_{5 }takes into consideration the position of the highest of the possible eyes in probability p
_{51 }and the distance between the possible eyes in relation to the width of the boundary box subimage b(x,y) in probability p
_{52 }as follows:
$\begin{array}{cc}{p}_{51}=\{\begin{array}{cc}1& \mathrm{if}\ue89e\text{\hspace{1em}}\ue89e{X}_{c}<\frac{2*Y}{3}\\ \frac{3*{Y}_{c}}{Y}+3& \mathrm{elsewhere}\end{array}& \left(13\right)\\ {p}_{52}=\{\begin{array}{cc}1& \mathrm{if}\ue89e\text{\hspace{1em}}\ue89ee<\frac{Y}{2}\ue89e\text{\hspace{1em}}\&\ue89e\text{\hspace{1em}}\ue89ee>\frac{Y}{4}\\ \frac{4*e}{Y}+3& \mathrm{if}\ue89e\text{\hspace{1em}}\ue89ee>\frac{Y}{2}\ue89e\text{\hspace{1em}}\&\ue89e\text{\hspace{1em}}\ue89ee<\frac{3*Y}{4}\\ \frac{4*e}{Y}& \mathrm{if}\ue89e\text{\hspace{1em}}\ue89ee<\frac{Y}{4}\\ 0& \mathrm{else}\end{array}& \left(14\right)\\ {p}_{5}=\frac{{p}_{51}+{p}_{52}}{2}& \left(15\right)\end{array}$

[0071]
with

[0072]
X_{c }is the xaxis coordinate of the highest possible eye facial feature of the triangle t_{k};

[0073]
Y is the width of the boundary box subimage b(x,y); and

[0074]
e is the distance between the two possible eye facial features.

[0075]
The probability {overscore (p)}
_{k }of a triangle t
_{k }to be a true facial feature triangle is calculated and stored in substep
450, and is given by:
$\begin{array}{cc}{\stackrel{\_}{p}}_{k}=\sum _{l=1}^{5}\ue89e{\pi}_{l}*{p}_{l}& \left(16\right)\end{array}$

[0076]
with

[0077]
π
_{i }being predetermined probability weight factors (
$\left(\sum _{l}\ue89e{\pi}_{l}=1\right)$

[0078]
In the preferred implementation, the predetermined probability weight factors are π_{1}=0.2, π_{2}=0.1, π_{3}=0.1, π_{4}=0.5, and λ_{5}=0.1.

[0079]
Substep 460 determines whether there are more triangles t_{k }to be considered. If there are more triangles t_{k}, substeps 405 to 455 are repeated for a next triangle t_{k}. Alternatively, with all the triangles t_{k }in the 2D segment s_{n} ^{i }having a probability {overscore (p)}_{k }of being a facial feature triangle assigned, a predetermined number of those triangles t_{k }that have the highest probabilities {overscore (p)}_{k }are stored in step 470, after which step 145 ends. In particular, the angles α_{1k }and α_{2k }formed between the “eyeline” and the other two sides (from left to right) and the positions (x_{1k},y_{1k}), (x_{2k},y_{2k}) and (x_{3k},y_{3k}) of the three centroids forming the corners of the triangle t_{k }(starting from the upper left corner and proceeding clockwise) are stored.

[0080]
Referring again to FIG. 2, step 145 is followed by step 150 where the processor 705 uses the stored properties of the triangles t_{k }to match the triangles t_{k }with a feature triangle T_{j }of the 3D segment S_{t}, and to accumulate the probabilities {overscore (p)}_{k }in subsequent frames into an accumulated probability P_{j }for each such feature triangle T_{j}, until a sufficiently strong accumulated probability P_{j }is available on which to make robust classification decisions. In the preferred implementation, a maximum number N_{max }of feature triangles to be stored is set to 10. The 3D segmentation (step 115) allows this accumulation of the probabilities {overscore (p)}_{k }to occur over the temporal history of each segment S_{i}.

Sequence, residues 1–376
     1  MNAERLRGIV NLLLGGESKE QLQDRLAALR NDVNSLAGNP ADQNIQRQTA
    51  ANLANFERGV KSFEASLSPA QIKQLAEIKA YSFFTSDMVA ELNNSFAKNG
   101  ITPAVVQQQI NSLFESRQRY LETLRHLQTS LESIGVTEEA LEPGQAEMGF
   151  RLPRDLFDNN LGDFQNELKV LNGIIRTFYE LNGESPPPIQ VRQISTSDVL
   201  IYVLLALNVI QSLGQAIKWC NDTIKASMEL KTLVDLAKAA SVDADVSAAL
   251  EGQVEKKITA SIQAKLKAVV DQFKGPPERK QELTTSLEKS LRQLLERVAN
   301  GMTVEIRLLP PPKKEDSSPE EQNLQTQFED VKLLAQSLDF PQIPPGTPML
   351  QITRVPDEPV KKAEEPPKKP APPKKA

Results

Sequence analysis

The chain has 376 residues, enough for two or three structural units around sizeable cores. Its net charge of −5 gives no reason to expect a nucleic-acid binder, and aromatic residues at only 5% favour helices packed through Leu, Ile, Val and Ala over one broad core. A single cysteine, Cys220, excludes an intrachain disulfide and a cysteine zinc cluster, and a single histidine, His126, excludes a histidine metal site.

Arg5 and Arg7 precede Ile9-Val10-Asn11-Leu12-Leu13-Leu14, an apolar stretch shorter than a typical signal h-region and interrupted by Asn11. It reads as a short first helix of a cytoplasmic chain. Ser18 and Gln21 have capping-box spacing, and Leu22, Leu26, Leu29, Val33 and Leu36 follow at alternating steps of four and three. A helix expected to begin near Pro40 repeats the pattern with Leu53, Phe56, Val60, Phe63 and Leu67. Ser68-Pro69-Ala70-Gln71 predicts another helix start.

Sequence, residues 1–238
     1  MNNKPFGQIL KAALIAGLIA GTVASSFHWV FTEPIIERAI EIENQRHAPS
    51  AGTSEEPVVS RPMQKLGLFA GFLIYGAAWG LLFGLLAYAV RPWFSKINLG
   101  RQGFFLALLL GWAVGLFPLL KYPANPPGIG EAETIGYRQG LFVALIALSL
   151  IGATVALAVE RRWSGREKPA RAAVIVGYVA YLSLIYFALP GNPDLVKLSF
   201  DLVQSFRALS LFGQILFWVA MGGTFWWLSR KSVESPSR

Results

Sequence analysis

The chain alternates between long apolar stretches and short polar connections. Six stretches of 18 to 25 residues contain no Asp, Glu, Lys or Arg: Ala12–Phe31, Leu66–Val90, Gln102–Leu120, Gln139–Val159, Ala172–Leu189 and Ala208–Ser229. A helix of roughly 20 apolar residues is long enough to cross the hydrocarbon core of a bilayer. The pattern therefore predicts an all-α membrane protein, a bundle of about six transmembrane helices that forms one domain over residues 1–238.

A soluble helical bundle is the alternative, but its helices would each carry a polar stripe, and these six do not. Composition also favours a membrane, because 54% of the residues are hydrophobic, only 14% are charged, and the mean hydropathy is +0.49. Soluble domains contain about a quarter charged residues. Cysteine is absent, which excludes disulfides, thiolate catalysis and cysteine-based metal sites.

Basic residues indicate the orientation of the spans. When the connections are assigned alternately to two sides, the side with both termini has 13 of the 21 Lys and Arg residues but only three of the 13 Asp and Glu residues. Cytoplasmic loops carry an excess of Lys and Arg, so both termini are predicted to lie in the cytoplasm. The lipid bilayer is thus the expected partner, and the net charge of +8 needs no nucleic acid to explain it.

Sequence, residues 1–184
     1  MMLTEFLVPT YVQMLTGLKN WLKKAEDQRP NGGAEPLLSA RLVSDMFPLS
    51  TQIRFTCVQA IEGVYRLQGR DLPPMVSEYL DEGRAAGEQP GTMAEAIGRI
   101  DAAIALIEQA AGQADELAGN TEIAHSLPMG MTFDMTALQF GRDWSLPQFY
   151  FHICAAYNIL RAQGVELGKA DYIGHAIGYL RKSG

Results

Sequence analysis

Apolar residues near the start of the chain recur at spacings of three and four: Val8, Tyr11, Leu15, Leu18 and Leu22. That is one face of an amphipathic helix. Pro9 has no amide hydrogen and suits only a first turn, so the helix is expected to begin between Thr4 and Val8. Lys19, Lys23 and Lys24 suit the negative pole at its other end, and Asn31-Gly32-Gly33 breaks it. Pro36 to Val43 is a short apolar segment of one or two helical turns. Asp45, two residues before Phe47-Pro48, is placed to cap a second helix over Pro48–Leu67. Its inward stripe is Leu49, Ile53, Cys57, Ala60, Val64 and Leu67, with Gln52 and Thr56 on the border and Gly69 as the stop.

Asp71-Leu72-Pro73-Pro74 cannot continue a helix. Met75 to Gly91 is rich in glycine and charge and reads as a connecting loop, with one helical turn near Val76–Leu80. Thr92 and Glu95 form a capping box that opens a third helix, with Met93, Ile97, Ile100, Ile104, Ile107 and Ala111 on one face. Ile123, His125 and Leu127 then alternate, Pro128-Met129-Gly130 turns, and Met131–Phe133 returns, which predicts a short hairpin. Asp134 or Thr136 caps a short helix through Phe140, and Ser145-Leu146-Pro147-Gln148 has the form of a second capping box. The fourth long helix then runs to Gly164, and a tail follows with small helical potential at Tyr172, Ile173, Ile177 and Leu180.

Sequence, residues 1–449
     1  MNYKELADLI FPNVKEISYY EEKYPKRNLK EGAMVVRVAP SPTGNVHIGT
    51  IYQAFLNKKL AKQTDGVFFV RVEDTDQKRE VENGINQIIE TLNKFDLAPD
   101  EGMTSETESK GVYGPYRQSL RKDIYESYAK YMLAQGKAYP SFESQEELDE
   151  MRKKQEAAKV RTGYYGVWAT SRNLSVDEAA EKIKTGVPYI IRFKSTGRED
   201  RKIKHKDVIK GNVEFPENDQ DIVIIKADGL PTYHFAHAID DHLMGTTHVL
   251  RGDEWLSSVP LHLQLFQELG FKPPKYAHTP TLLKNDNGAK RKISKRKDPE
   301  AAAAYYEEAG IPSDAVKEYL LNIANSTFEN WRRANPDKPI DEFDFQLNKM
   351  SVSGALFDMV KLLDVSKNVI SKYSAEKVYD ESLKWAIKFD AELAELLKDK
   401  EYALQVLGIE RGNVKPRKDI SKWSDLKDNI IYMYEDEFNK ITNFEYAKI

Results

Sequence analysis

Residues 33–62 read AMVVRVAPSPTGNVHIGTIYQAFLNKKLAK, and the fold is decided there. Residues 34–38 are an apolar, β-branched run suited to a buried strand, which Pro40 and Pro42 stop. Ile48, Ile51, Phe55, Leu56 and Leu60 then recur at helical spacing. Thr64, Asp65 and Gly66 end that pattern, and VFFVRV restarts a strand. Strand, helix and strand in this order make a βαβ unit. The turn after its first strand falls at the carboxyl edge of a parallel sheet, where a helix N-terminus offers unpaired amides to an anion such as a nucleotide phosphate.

[0081]
[0081]FIG. 5 shows a flow diagram of the substeps of step 150. Step 150 starts in substep 505 where a next stored triangle t_{k }is retrieved from the storage device 709. Substep 510 determines whether it is the first time that 3D segment S_{i}, of which segment s_{n} ^{i }is an intersection, is being analysed. If substep 510 determines that it is the first time that 3D segment S_{i }is being analysed, then the properties of that triangle t_{k }are retained in substep 515 as feature triangle T_{k }and the accumulated probability P_{k }of feature triangle T_{k }is set to that of triangle t_{k}, ie. {overscore (p)}_{k}. Step 150 then proceeds to substep 550 where it is determined whether there are any more stored triangles t_{k }that are to be evaluated by step 150.

[0082]
If substep
510 determines that it is not the fit time that 3D segment S
_{i }is being analysed, then substep
520 evaluates a distance D(T
_{l}, t
_{k}) between the triangle t
_{k }under consideration and each of the feature triangles T
_{l}, The distance D(T
_{l}, t
_{k}) is given by:
$\begin{array}{cc}D\ue8a0\left({T}_{l},{t}_{k}\right)=\sum _{c=1}^{3}\ue89e{\left({x}_{\mathrm{cl}}{x}_{\mathrm{ck}}\right)}^{2}+\sum _{c=1}^{3}\ue89e{\left({y}_{\mathrm{cl}}{y}_{\mathrm{ck}}\right)}^{2}+\sum _{c=1}^{2}\ue89e{\left({\alpha}_{\mathrm{cl}}{\alpha}_{\mathrm{ck}}\right)}^{2}& \left(17\right)\end{array}$

[0083]
Substep
525 then determines whether the lowest of the distances D(T
_{l},t
_{k}) is lower than a predetermined threshold. If the lowest of the distances D(T
_{l},t
_{k}) is lower than the predetermined threshold, then the triangle t